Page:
I'm Gabe Fleisher, reporting live from WUTP World HQ in my bedroom. It’s Thursday, September 28, 2018. 39 days until Election Day 2018. 767 days until Election Day 2020. Have comments, questions, suggestions, or tips? Email me at firstname.lastname@example.org.
Partisan warfare comes into the open at emotional Kavanaugh hearing
In a nine-hour hearing on Thursday, the Senate Judiciary Committee heard diametrically opposed versions of events from Dr. Christine Blasey Ford and Judge Brett Kavanaugh, as the former asserted that she was "one hundred percent" certain that he assaulted her in the 1980's and the latter maintaining the same degree of certainty in strenuously denying her accusation.
Ford described her story in vivid detail for the committee, emotionally recounting the alleged incident that had lifted the California professor from anonymity to the halls of Congress. "I am here today not because I want to be," she said. "I am terrified. I am here because I believe it is my civic duty to tell you what happened to while Brett Kavanaugh and I were in high school."
She then repeated the accusation that, by then, each of the senators were familiar with: at a gathering of teens in the summer of 1982, the future Supreme Court nominee and his friend Mark Judge pushed her into a bedroom, pinned her to the bed, and Judge egged Kavanaugh on as he drunkenly attempted to remove Ford's clothes. "I believed he was going to rape me," Ford told the committee.
Ford also accused Kavanaugh of covering her mouth to stop her from screaming, which she said "has had the most lasting impact on my life," leading to decades of PTSD-like symptoms after fearing that Kavanaugh "was accidentally going to kill me."
"Indelible in the hippocampus," the psychology professor testified, her voice cracking, "is the laughter, the uproarious laughter between the two, and their having fun at my expense."
Kavanaugh, meanwhile, delivered an equally emotional defense of his character, denying Ford's allegations and those of other women accusing him of sexual assault. Kavanaugh went on to label the confirmation process "a national disgrace," accusing Democrats of staging a "coordinated and well-funded effort to destroy my good name" and replacing "advice and consent with search and destroy."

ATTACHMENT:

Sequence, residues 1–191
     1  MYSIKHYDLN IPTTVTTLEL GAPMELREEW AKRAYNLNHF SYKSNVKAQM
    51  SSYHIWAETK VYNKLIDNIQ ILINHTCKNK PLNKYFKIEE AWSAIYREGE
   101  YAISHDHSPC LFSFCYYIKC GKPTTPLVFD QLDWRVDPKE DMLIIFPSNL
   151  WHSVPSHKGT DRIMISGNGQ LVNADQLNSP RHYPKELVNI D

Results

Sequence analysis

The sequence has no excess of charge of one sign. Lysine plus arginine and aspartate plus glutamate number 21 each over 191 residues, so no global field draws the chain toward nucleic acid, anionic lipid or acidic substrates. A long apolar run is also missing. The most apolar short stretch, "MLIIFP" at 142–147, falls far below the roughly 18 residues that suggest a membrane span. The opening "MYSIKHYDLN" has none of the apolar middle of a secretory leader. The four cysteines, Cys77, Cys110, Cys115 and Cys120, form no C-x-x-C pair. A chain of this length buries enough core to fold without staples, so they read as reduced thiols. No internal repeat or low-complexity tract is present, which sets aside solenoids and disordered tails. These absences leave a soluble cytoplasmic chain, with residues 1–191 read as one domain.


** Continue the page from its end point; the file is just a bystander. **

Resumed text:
During Kavanaugh's testimony, the partisan warfare that often creeps in the background of Supreme Court confirmation hearings came fully into focus. "This whole two-week effort has been a calculated and orchestrated political hit," he testified, "fueled with apparent pent-up anger about President Trump and the 2016 election, fear that has been unfairly stoked about my judicial record, revenge on behalf of the Clintons, and millions of dollars in money from outside left-wing opposition groups."
The hearing took a sharply rancorous turn in the afternoon after Sen. Lindsey Graham (R-SC) launched into a tirade defending the nominee. "This is the most unethical sham since I've been in politics," a red-faced Graham declared, saying that his Democratic colleagues were hoping to "destroy this guy's life, hold this seat open, and hope you win in 2020."
Asked by Graham to describe his experience since Ford's allegation became public, Kavanaugh testified: "I've been through hell and then some."
After Graham used his time to excoriate his Democratic colleagues, the subsequent Republican senators questioned Kavanaugh themselves, after ceding their time to former Arizona sex crimes prosecutor Rachel Mtichell during the questioning of Ford.
The hearing also veered into uncomfortable territory at times, as members of the "world's greatest deliberative body" turned to discussion of the nominee's high school drinking habits and yearbook entries mentioning terms such as "boofing" and "devil's triangle." Kavanaugh offered more innocuous definitions for the terms than the more sexual ones that have been offered by many in recent days.
Questioning the judge about his drinking, Sen. Amy Klobuchar (D-MN) asked Kavanaugh if he had ever drank to the point of blacking out. "Have you?" he responded, throwing the question back at his inquisitor. "I'm curious if you have." Kavanaugh later apologized to the Minnesota Democrat for his reaction. "This is a tough process," he explained.
According to the Washington Post, President Donald Trump was "absolutely furious" during the morning half of the hearing, angered by Mitchell's line of questioning and fearful that Ford "came off as compelling and credible." However, he was reassured later in the afternoon, "riveted" by Kavanaugh's passionate testimony. "Judge Kavanaugh showed America exactly why I nominated him," Trump tweeted.
However, the president does not have a vote in the Senate, where the fate of Kavanaugh's nomination remains in question. Less than 24 hours after listening to both Ford and Kavanaugh testify, the Senate Judiciary Committee is scheduled to vote on the nominee's confirmation today. The panel is composed of 11 Republicans and 10 Democrats, with just one GOP senator — Jeff Flake (R-AZ) — still undecided. Even if Flake votes "no" in committee today, Kavanaugh's nomination will advance to the floor (but with an unfavorable recommendation from the Judiciary panel). Republicans plan to then hold a procedural vote around noon on Saturday, followed by a cloture vote on Monday and a final vote on his confirmation to the Supreme Court on Tuesday.